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Kerry meets veteran Russian activist ahead of Putin talks

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John Kerry. Source: Wikipedia

John Kerry. Source: Wikipedia

US Secretary of State John Kerry on Tuesday met with Russia’s oldest human rights campaigner Lyudmila Alexeyeva ahead of his high-stakes talks with strongman President Vladimir Putin.

Kerry’s meeting with the 88-year-old head of the Moscow Helsinki Group came as critics accuse the Russian authorities of further clamping down on freedoms and rights and will not go unnoticed in the Kremlin.

“He asked what is happening in Russia and what effect the law on non-governmental organisations has had on society,” Alexeyeva told AFP, relating the details of her 40-minute meeting with Washington’s top diplomat.

She told Kerry that the controversial law aimed to “destroy the nascent civil society.”

Putin has signed off on a controversial law banning “undesirable” non-governmental organisations in a move condemned by human rights groups.

The law allows authorities to bar foreign civil society groups seen as threatening Russia’s “defence capabilities” or “constitutional foundations” and go after local activists working with them.

The measure complements legislation already passed in 2012, which forces NGOs that receive foreign funds to register as a “foreign agent.”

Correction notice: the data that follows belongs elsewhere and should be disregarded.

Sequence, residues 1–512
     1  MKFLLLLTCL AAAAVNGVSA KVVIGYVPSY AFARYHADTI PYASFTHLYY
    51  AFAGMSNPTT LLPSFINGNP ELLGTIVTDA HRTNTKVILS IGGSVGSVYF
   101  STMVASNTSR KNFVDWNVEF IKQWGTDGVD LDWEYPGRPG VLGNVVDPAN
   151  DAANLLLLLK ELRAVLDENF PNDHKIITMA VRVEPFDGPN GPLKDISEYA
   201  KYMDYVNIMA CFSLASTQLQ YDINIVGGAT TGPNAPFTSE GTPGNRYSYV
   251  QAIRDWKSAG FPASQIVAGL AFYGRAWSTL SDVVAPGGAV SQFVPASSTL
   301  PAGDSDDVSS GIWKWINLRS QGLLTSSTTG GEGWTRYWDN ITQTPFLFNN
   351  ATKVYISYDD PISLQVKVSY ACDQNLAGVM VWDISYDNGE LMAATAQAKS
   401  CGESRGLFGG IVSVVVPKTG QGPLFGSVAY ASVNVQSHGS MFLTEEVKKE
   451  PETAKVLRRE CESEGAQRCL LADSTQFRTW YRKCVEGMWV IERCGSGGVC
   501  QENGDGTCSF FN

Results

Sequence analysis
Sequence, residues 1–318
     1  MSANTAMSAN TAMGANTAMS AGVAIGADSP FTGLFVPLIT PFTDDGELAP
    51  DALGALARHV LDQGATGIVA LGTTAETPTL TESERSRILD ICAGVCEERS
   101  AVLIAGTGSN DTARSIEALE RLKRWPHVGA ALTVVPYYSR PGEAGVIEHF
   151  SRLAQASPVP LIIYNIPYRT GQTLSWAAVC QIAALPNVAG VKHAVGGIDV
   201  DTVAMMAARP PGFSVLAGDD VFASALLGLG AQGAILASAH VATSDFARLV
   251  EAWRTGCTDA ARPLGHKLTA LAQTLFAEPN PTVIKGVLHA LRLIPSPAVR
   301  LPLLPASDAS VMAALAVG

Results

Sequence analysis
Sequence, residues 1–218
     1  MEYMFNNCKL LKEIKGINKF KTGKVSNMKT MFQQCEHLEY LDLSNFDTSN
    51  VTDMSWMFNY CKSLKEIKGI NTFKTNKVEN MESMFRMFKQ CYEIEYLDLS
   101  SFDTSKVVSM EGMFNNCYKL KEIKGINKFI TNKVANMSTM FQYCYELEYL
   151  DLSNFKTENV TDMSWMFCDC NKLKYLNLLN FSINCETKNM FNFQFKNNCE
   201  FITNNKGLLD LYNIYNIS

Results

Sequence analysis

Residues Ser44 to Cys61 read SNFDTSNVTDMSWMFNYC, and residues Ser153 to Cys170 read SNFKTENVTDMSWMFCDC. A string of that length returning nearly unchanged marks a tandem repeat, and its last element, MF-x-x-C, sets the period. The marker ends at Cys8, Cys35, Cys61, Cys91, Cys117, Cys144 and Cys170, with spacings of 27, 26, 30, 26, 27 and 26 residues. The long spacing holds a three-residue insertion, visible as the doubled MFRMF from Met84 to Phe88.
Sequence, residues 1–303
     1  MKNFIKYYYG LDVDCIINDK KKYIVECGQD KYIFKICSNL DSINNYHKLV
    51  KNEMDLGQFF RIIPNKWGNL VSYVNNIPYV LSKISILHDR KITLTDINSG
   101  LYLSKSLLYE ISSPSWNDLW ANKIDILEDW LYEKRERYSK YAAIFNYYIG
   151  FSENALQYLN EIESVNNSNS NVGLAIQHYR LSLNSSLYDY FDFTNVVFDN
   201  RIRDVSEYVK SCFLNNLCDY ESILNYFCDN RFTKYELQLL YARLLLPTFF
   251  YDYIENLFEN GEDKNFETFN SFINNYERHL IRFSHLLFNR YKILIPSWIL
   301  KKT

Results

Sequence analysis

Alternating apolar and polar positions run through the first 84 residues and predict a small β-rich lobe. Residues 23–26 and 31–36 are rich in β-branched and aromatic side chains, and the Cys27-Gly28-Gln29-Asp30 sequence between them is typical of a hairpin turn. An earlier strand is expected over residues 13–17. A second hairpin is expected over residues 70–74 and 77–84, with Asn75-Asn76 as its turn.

“I replied that the invasion of Crimea worsened Russia’s international position but very much strengthened Putin inside the country because the imperial syndrome is still strong here,” she said.

“It’s unlikely we will soon become a democratic country,” because of Russia’s “imperial” posturing, she said, while adding that democracy will come “for sure but not so soon”.

The veteran activist expressed hope that Russia’s civil society would withstand the pressure.

“We are being persecuted but we will survive as we did in the Soviet Union,” she said, noting that Soviet dissidents had to confront the enormous state machine.

“But where is the USSR now? And we are still alive and stand strong across the country.”

At the weekend Russian police detained over 30 activists, including the leader of a liberal party and several other prominent figures who marked Constitution Day with protests in Moscow over rights abuses.

Activists and ordinary Russians have complained that since the seizure of Crimea from Ukraine last year, Russian authorities have clamped down on peaceful protests, leaving critics with few outlets to express their disagreement with Kremlin policies.

Kerry and Putin were due to meet later Tuesday.


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